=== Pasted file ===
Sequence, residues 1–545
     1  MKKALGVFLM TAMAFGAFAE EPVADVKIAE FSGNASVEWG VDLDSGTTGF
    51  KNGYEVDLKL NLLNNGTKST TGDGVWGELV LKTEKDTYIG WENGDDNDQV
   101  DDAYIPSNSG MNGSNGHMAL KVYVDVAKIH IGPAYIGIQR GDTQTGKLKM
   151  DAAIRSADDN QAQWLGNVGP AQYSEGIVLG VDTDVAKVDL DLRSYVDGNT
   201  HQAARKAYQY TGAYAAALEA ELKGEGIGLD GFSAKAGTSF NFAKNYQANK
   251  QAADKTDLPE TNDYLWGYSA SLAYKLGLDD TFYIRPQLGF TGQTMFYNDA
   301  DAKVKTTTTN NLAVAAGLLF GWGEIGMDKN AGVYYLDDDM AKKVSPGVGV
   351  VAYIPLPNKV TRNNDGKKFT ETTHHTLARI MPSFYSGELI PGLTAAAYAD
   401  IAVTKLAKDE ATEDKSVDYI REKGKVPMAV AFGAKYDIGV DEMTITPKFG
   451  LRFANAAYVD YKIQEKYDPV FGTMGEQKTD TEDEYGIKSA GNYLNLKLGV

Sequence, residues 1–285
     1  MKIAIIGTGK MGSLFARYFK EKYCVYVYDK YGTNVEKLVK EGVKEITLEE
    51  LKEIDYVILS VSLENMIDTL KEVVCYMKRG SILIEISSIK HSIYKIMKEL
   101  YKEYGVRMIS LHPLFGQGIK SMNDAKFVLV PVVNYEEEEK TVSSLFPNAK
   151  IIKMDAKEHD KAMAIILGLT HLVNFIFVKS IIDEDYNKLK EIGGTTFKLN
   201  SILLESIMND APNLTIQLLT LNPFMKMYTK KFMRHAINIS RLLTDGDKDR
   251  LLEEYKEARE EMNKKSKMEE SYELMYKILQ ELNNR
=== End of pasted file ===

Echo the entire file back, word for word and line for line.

Sequence, residues 1–545
     1  MKKALGVFLM TAMAFGAFAE EPVADVKIAE FSGNASVEWG VDLDSGTTGF
    51  KNGYEVDLKL NLLNNGTKST TGDGVWGELV LKTEKDTYIG WENGDDNDQV
   101  DDAYIPSNSG MNGSNGHMAL KVYVDVAKIH IGPAYIGIQR GDTQTGKLKM
   151  DAAIRSADDN QAQWLGNVGP AQYSEGIVLG VDTDVAKVDL DLRSYVDGNT
   201  HQAARKAYQY TGAYAAALEA ELKGEGIGLD GFSAKAGTSF NFAKNYQANK
   251  QAADKTDLPE TNDYLWGYSA SLAYKLGLDD TFYIRPQLGF TGQTMFYNDA
   301  DAKVKTTTTN NLAVAAGLLF GWGEIGMDKN AGVYYLDDDM AKKVSPGVGV
   351  VAYIPLPNKV TRNNDGKKFT ETTHHTLARI MPSFYSGELI PGLTAAAYAD
   401  IAVTKLAKDE ATEDKSVDYI REKGKVPMAV AFGAKYDIGV DEMTITPKFG
   451  LRFANAAYVD YKIQEKYDPV FGTMGEQKTD TEDEYGIKSA GNYLNLKLGV

Sequence, residues 1–285
     1  MKIAIIGTGK MGSLFARYFK EKYCVYVYDK YGTNVEKLVK EGVKEITLEE
    51  LKEIDYVILS VSLENMIDTL KEVVCYMKRG SILIEISSIK HSIYKIMKEL
   101  YKEYGVRMIS LHPLFGQGIK SMNDAKFVLV PVVNYEEEEK TVSSLFPNAK
   151  IIKMDAKEHD KAMAIILGLT HLVNFIFVKS IIDEDYNKLK EIGGTTFKLN
   201  SILLESIMND APNLTIQLLT LNPFMKMYTK KFMRHAINIS RLLTDGDKDR
   251  LLEEYKEARE EMNKKSKMEE SYELMYKILQ ELNNR